You can look forward to more news from Founder's Co-op over the next few months. 

No BBQ allowed. Any thought on how I should respond are welcome?

I received this pleasant email today:



I got a report from other tenants in the building that there was a BBQ in the parking lot with alcohol being consumed today.  Alcohol or not, this is an office building and both of these activities are inappropriate for a professional setting.  Other tenants have clients coming to the building and this is not something that should be going on.  If people need to be involved in an activity like that there are parks nearby that can be used.  The report that I got was that it was your office that was doing this.  If this is true please contact the people on site and make sure this does not happen again.






There are a number of responses to this email that I can think of....but I'm not sure yet what the best one is yet. Any thoughts of how I should respond?

Feedback on symbolic corporate cocktails

I got this email from NearlyWeds, one of my companies that does awesome wedding websites --

"we are sophisticated and complex, hence the reason for the difficult drink decision.  we would like to say to our customer that we are the veuve clicquot  type.  And we appreciate the widow very much, and do enjoy her beverage greatly.  day in and day out though, we are micro-brew sort of people.  we love a good handcrafted micro brew or monk-brewed belgian.  but if we were to celebrate after an acquisition or something, then we would probably skip the microbrew and enjoy a bourbon or scotch, or maybe even a bourbon drink like a bourbon sidecar.  our customers are sophisticated, so are we.  you don't wear the same clothes everyday, why would you drink the same drink for all occasions.  

and just like brides, we love to be difficult about simple questions."



If your company were a drink, what drink would it be? Help me name TechStars corporate cocktail

Since the publishing of the video about Founder's Co-op, whiskey and entrepreneurs on TechFlash, there's been an ongoing conversation about each company's symbolic drink. You can think of these as corporate cocktails.  You know - a drink that you start each corporate meeting with (if you were drinking during the day) Here's what we've come up with so far: 

  • LookStat - La phroaig - Single malt scotch
  • Untitled Startup - Dewars
  • NearlyWeds - Perseco
  • Frugal Mechanic - tap water
  • Appature - Russel's Reserve
  • Cooler Planet - Patron
  • AppStore HQ - Maker's Mark
  • On Top Leads - Jack Daniel's 
  • Big Door Media - Stoli and soda with a lime

(Please note that I didn't get ALL Founder's Co-op companies drinks by date of publication....those that are outside of Seattle were omitted. Sorry guys -- the need to publish dominated making this list comprehensive. If you send me a drink I'll post it)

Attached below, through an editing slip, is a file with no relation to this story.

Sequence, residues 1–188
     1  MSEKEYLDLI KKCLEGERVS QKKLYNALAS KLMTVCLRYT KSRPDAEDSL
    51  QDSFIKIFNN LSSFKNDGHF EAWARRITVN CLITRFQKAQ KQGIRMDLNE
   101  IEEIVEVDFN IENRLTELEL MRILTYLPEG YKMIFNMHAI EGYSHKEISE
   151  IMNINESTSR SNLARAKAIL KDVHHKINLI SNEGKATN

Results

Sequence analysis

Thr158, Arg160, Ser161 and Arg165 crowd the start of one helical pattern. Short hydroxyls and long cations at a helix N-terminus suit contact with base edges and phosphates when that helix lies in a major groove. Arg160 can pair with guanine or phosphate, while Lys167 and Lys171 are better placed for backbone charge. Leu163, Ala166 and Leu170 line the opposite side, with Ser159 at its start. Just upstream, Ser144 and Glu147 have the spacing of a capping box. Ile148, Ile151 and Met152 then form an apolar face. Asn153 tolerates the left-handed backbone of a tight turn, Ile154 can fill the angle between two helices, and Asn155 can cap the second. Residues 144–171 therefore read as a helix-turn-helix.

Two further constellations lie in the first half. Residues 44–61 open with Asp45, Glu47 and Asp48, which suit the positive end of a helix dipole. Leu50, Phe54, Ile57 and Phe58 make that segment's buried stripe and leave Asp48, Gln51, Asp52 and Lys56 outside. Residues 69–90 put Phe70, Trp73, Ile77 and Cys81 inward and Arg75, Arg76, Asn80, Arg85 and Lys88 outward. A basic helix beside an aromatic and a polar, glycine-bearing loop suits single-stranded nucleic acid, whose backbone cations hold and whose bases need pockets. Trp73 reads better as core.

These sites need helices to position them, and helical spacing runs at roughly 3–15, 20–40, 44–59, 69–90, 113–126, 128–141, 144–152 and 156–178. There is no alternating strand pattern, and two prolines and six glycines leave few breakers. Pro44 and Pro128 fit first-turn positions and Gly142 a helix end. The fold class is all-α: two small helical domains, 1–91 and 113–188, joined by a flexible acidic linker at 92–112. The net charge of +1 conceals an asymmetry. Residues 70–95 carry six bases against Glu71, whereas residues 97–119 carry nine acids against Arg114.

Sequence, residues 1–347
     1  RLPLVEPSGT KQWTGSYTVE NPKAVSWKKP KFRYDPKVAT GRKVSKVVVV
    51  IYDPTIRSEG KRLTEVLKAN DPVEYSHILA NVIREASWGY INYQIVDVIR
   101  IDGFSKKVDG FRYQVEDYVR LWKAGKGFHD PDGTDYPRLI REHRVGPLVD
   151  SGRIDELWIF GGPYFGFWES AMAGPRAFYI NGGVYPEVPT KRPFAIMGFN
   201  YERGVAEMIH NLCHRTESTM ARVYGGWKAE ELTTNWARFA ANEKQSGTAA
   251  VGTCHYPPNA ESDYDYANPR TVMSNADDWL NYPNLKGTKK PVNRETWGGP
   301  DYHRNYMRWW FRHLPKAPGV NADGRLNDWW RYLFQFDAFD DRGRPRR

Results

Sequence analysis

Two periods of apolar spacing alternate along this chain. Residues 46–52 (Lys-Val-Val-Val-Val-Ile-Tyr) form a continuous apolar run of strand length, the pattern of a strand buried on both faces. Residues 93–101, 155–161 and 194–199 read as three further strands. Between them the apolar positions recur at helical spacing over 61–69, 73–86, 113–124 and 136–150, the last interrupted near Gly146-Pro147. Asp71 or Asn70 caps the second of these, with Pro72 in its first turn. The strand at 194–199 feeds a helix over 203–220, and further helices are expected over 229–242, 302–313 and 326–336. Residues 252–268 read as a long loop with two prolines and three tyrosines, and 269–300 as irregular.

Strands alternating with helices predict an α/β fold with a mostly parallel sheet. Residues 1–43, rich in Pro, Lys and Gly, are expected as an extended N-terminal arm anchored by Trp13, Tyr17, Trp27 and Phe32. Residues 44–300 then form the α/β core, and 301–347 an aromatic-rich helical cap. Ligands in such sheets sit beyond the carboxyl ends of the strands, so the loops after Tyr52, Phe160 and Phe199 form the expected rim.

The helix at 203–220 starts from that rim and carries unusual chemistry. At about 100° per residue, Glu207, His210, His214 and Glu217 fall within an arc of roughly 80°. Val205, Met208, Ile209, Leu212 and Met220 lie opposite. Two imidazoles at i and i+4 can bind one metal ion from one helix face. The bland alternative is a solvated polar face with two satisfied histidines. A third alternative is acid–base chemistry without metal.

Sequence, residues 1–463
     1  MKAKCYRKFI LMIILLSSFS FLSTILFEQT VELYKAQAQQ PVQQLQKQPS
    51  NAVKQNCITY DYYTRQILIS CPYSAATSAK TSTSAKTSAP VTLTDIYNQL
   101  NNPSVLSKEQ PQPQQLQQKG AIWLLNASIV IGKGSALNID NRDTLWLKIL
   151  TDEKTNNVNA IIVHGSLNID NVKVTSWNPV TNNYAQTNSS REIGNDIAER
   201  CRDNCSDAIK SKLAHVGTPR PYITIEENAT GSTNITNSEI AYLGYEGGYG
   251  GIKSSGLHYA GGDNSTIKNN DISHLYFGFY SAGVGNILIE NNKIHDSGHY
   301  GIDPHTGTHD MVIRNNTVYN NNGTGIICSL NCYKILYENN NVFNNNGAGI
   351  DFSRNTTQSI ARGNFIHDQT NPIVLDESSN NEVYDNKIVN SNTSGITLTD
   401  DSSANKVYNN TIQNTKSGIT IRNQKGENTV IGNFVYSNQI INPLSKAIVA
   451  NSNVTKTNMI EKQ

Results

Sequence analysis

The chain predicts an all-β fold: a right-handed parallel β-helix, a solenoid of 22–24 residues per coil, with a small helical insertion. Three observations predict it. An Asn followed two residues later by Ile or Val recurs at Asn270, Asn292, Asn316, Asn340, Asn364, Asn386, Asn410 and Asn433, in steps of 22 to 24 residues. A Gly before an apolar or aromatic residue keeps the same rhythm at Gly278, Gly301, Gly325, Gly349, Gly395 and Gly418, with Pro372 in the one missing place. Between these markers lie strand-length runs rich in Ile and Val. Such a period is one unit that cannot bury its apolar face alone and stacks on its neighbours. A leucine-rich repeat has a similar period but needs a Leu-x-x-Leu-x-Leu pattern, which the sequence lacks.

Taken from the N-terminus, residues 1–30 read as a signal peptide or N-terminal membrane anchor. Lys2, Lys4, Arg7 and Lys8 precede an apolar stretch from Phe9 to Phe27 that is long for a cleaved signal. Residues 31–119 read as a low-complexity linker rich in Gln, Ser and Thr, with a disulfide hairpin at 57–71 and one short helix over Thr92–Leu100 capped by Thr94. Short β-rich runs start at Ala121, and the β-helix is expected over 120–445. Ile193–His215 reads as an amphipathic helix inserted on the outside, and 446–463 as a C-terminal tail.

Next week at the TechStars for a Day event, I'll be revealing TechStars in Seattle choice of symbolic drink. I'm not sure what it is yet, but I'm open to suggestions.

Please note -- these corporate cocktails do NOT have to be alcoholic. It's probably not a coincidence that the above list is mostly alcoholic. 

Notes from Founder's only meeting at Founder's Co-op

Last night we had most of the founder's come to the Founder's Co-op office for our second "founder's only" event. We now hold these meetings every other month.  I'd say the event was a win. We met for 2.5 hours and then had dinner.  The meeting started with everyone doing a shot of Maker's Mark whiskey.  I blogged last time how we were going to have an symbolic drink at each Founder's Only meeting -- last time, we didn't have Maker's so we had Patron tequila.  The Maker's Mark set the right tone for the meeting. The agenda was as follows:

  • Everyone go around and give a 1 word assessment of how they're feeling
  • Go around and get high's and lows report from each company. Followed by -- what item would you like to talk about in small groups? or more succinctly, what issue would you like input on from other entrepreneurs?
  • We then broke out into 2 smaller groups: one group was the sales and marketing group, the second group was the strategic prioritization group. 

I met with the strategic prioritization group.  The question we talked about was given the wide range of options of tasks to undertake at a small group, how do you prioritize?  The following tactical steps came out of the meeting: